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Self branding project - thorough description

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  • Self branding project - thorough description

    Hello GDF,
    I think I was registered and semi-active here before, but older passwords and usernames don't seem to work.
    This is going to be a long post. I want to describe everything in details.

    To the point. I'm making a self brand and I need advice if everything I've done with the two images below is relevant to the wall of text above it.

    My story I'm trying to communicate:
    I'm agressive and I bite, because everyone look down on me all the time and ignore me.
    Why is that happening? I more than often have nothing to show out of my current portfolio as 'example work'.
    Not because I'm bad or I can't make something - most of those works are small or NDA, and I can't snatch anything big. People plain tell me to my face I'm underqualified to work on a brand!
    This here is the solution - I'll make a beautiful self brand, with all the attributes (business cards, banners, envelopes, postcards... anything I get my hands on, basically), and show those to everyone as proof.
    And yes, it has a gaming twist to it - Asus RoG being the closest 'similar' work inspiring me.
    The second image is ideal - one of a kind I was specifically looking for. Notice how my icon looks similar to the trident to the upper right of it.

    My color scheme:
    Monochromatic, #600100 being my main color + its highlights and shades.
    Screenshot might seem brighter - used Overlay to achieve this effect.
    Red is my color, and nothing moves here - red for rage (and passion), exact match.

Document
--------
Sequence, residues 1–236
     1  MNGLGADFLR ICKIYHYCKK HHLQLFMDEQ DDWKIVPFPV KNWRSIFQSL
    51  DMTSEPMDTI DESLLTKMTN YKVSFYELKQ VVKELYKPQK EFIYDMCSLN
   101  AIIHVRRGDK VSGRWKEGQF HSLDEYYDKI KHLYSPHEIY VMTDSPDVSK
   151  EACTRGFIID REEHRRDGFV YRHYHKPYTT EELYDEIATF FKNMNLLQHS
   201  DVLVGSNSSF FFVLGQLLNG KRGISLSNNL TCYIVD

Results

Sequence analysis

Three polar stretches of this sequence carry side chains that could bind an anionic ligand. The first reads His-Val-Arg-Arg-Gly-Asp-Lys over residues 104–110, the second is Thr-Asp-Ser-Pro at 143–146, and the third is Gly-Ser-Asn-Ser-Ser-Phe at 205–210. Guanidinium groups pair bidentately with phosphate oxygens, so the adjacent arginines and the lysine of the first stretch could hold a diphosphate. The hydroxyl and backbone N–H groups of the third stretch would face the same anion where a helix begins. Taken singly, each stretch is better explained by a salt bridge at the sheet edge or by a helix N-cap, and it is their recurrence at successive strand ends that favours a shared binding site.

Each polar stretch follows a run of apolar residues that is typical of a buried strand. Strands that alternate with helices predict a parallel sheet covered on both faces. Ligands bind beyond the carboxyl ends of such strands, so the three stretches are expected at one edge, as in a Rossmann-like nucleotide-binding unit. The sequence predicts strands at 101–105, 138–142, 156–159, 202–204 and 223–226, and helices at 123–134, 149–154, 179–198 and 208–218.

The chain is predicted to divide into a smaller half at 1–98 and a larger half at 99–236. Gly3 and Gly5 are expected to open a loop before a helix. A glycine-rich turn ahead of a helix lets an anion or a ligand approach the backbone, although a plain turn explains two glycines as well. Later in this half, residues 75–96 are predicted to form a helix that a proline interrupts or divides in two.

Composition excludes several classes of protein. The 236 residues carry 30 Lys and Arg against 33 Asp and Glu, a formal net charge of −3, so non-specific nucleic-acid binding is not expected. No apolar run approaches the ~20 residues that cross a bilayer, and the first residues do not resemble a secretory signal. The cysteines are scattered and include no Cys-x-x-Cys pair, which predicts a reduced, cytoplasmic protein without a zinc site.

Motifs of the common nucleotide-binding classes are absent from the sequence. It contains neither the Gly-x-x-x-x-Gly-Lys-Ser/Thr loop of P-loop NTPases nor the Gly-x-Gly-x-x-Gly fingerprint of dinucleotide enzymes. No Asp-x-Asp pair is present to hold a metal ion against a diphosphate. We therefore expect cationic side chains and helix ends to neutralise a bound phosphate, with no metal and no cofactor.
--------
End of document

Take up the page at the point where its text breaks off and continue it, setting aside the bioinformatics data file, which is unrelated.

Might go green someday.

    My fonts:
    Copperplate Gothic Bold as main, Sanidana Regular as secondary.
    This is where you can hit me for my weird choice - if there was Sanidara Light/Thin, I'd go with it. Alas.
    Don't want Helvetica/Oswald/Roboto/Verdana... etc, I want to stand out.
    I also want the fonts to compliment the icon - the sharp edges on the second one are doing it.
    If you know of something similar, that is commercial-friendly, please point me to it - 'Triangle', 'Geometric', 'Sharp' font searches returned nothing.

    Pretty much all for now.
    Thank you if you made it this far.


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  • #2
    Branding isn't about yourself.
    It's about your potential clients.
    Explain how the pieces you reflect here relate to attracting the client or employer you want to attract?

    (and where did you find that particular gladiator image? Copyright aside, if you want to reflect the trident shape, an image that actually showed a better view of a trident might be...better.)
    Last edited by PrintDriver; 06-11-2017, 10:28 AM.

    Comment


    • #3
      Thank you for the great question!
      Yesterday late night, after my 'blindly fall in love with my work' period ended, I had a long thought on who or what should this branding exactly show or refer to.

      Here's my response:
      - It's all about aggressive, young professionals.
      We're not recognized because we haven't done much big work or we don't have X years in the industry yet. But we want it!
      We're packed with knowledge, the right skillset and mindset which we're ready to apply or already applying.
      We're tech-savvy (sorry for the awful generic word - if I could put up 'can figure out upcoming trends and new things quickly AND use them in our work' into one or two words, what would it be?)

      - Emotional contrast.
      Many competent (as in 'accomplished most of the things in life they wanted and are content with what they have, laid-back') professionals prefer to be calm, because of that they may seem slow and boring.
      We're a young bunch, packs of explosive energy! We still have a lot to prove - some to others, most to ourselves.
      We're rough, edgy even, when it comes to securing that 'one more contract'.
      We rush in fast and furious, get to the point quickly, complete the job in the shortest amount of time possible with the best quality available.